This manual contains general procedures that apply to Baldor Motor products. Be sure to read and understand the Safety Notice statements in this manual. For your protection, do not install, operate or attempt to perform maintenance procedures until you understand the Warning and Caution statements. A Warning statement indicates a possible unsafe condition that can cause harm to personnel. A Caution statement indicates a condition that can cause damage to equipment. This instruction manual is not intended to include a comprehensive listing of all details for all procedures required for installation, operation and maintenance. This manual describes general guidelines that apply to most of the motor products shipped by Baldor. If you have a question about a procedure or are uncertain about any detail, Do Not Proceed. Please contact your Baldor distributor for more information or clarification. Before you install, operate or perform maintenance, become familiar with the following: S NEMA Publication MG-2, Safety Standard for Construction and guide for Selection, Installation and Use of Electric Motors and Generators. S The National Electrical Code S Local codes and Practices

Important:

Limited Warranty

www.baldor.com/support/warranty_standard.asp

Safety Notice: This equipment contains high voltage! Electrical shock can cause serious or fatal injury. Only qualified

WARNING: WARNING: WARNING: WARNING: WARNING:

WARNING: WARNING: WARNING: WARNING: WARNING: WARNING:

personnel should attempt installation, operation and maintenance of electrical equipment. Be sure that you are completely familiar with NEMA publication MG-2, safety standards for construction and guide for selection, installation and use of electric motors and generators, the National Electrical Code and local codes and practices. Unsafe installation or use can cause conditions that lead to serious or fatal injury. Only qualified personnel should attempt the installation, operation and maintenance of this equipment. Do not touch electrical connections before you first ensure that power has been disconnected. Electrical shock can cause serious or fatal injury. Only qualified personnel should attempt the installation, operation and maintenance of this equipment. Disconnect all electrical power from the motor windings and accessory devices before disassembly of the motor. Electrical shock can cause serious or fatal injury. Be sure the system is properly grounded before applying power. Do not apply AC power before you ensure that all grounding instructions have been followed. Electrical shock can cause serious or fatal injury. National Electrical Code and Local codes must be carefully followed. Avoid extended exposure to machinery with high noise levels. Be sure to wear ear protective devices to reduce harmful effects to your hearing. Surface temperatures of motor enclosures may reach temperatures which can cause discomfort or injury to personnel accidentally coming into contact with hot surfaces. When installing, protection should be provided by the user to protect against accidental contact with hot surfaces. Failure to observe this precaution could result in bodily injury. This equipment may be connected to other machinery that has rotating parts or parts that are driven by this equipment. Improper use can cause serious or fatal injury. Only qualified personnel should attempt to install operate or maintain this equipment. Do not by-pass or disable protective devices or safety guards. Safety features are designed to prevent damage to personnel or equipment. These devices can only provide protection if they remain operative. Avoid the use of automatic reset devices if the automatic restarting of equipment can be hazardous to personnel or equipment. Be sure the load is properly coupled to the motor shaft before applying power. The shaft key must be fully captive by the load device. Improper coupling can cause harm to personnel or equipment if the load decouples from the shaft during operation. Use proper care and procedures that are safe during handling, lifting, installing, operating and maintaining operations. Improper methods may cause muscle strain or other harm. Thermostat contacts automatically reset when the motor has slightly cooled down. To prevent injury or damage, the control circuit should be designed so that automatic starting of the motor is not possible when the thermostat resets.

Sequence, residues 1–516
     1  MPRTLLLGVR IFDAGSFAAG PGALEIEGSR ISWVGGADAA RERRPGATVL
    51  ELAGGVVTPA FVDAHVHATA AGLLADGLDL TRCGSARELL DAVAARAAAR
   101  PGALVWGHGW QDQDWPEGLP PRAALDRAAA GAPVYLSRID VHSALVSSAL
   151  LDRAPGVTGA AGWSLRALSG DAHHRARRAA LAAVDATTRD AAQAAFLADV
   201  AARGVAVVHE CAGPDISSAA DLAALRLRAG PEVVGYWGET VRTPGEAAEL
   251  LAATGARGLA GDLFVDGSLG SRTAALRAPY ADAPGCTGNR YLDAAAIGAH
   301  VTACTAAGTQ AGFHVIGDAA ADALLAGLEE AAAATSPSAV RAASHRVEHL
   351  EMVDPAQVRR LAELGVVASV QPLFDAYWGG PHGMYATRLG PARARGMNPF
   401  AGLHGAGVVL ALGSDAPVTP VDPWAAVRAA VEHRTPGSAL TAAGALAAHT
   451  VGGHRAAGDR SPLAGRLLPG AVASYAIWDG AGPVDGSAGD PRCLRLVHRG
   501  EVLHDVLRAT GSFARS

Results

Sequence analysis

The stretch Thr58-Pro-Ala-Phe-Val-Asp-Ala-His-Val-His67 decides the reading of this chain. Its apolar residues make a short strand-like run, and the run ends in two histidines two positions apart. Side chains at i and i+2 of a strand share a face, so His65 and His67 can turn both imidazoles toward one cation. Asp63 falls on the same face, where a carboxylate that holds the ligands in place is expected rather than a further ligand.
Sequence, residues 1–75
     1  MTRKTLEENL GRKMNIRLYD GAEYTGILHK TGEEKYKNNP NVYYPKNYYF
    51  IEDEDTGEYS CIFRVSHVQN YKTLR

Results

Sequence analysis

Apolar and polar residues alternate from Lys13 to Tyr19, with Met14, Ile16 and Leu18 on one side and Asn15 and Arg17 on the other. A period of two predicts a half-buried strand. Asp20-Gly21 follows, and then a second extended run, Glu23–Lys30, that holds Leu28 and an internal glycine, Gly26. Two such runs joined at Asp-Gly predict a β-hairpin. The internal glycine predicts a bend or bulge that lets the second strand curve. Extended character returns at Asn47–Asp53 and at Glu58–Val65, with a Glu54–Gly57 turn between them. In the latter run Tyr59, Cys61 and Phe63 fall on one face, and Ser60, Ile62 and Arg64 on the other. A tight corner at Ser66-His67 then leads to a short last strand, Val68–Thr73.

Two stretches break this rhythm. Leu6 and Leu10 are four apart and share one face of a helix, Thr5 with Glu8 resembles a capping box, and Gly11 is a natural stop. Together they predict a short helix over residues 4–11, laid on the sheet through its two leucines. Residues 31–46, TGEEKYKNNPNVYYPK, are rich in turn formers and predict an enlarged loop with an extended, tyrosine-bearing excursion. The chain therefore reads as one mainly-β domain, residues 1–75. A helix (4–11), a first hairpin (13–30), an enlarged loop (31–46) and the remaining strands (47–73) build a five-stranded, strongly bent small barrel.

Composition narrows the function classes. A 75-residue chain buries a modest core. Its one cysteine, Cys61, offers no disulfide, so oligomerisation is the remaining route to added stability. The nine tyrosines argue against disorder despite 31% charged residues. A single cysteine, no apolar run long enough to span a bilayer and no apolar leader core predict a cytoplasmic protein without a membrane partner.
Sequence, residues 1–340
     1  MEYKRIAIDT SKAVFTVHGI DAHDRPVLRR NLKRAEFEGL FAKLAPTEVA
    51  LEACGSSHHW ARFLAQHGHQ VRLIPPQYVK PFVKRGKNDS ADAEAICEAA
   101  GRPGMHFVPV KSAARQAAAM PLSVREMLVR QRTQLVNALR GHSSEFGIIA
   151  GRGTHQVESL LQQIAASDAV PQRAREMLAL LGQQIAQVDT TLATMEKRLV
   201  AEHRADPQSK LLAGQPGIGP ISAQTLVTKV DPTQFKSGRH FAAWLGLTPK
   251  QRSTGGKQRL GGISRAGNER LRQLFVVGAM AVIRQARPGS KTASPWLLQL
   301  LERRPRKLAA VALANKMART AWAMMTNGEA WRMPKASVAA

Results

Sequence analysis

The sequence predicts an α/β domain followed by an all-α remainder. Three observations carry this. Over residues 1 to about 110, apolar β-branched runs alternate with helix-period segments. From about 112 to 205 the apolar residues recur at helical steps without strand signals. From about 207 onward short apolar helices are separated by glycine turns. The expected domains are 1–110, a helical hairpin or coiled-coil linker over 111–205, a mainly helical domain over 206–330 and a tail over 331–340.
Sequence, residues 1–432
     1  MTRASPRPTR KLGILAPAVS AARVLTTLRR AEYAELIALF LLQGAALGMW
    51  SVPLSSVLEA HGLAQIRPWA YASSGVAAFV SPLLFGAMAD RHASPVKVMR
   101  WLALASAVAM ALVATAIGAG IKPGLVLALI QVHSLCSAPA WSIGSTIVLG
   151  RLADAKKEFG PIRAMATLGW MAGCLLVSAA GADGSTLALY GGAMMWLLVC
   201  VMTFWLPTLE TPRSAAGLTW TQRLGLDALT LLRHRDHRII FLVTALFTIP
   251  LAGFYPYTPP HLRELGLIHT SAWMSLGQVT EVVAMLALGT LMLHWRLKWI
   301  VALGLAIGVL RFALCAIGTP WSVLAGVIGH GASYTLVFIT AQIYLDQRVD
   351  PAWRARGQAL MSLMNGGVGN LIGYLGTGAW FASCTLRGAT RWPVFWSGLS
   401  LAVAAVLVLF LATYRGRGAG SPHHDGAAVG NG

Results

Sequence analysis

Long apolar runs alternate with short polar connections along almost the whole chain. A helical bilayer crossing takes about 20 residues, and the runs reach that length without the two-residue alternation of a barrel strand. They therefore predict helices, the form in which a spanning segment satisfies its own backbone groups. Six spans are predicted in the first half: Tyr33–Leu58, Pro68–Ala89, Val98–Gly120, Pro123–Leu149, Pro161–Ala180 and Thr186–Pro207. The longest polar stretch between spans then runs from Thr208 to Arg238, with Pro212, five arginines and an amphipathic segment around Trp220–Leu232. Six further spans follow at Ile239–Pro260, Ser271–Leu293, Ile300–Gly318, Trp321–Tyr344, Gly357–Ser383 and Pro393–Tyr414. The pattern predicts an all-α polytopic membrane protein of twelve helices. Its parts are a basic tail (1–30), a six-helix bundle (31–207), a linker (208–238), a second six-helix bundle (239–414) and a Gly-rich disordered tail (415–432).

MN400

General Information 1-1

Section 1 General Information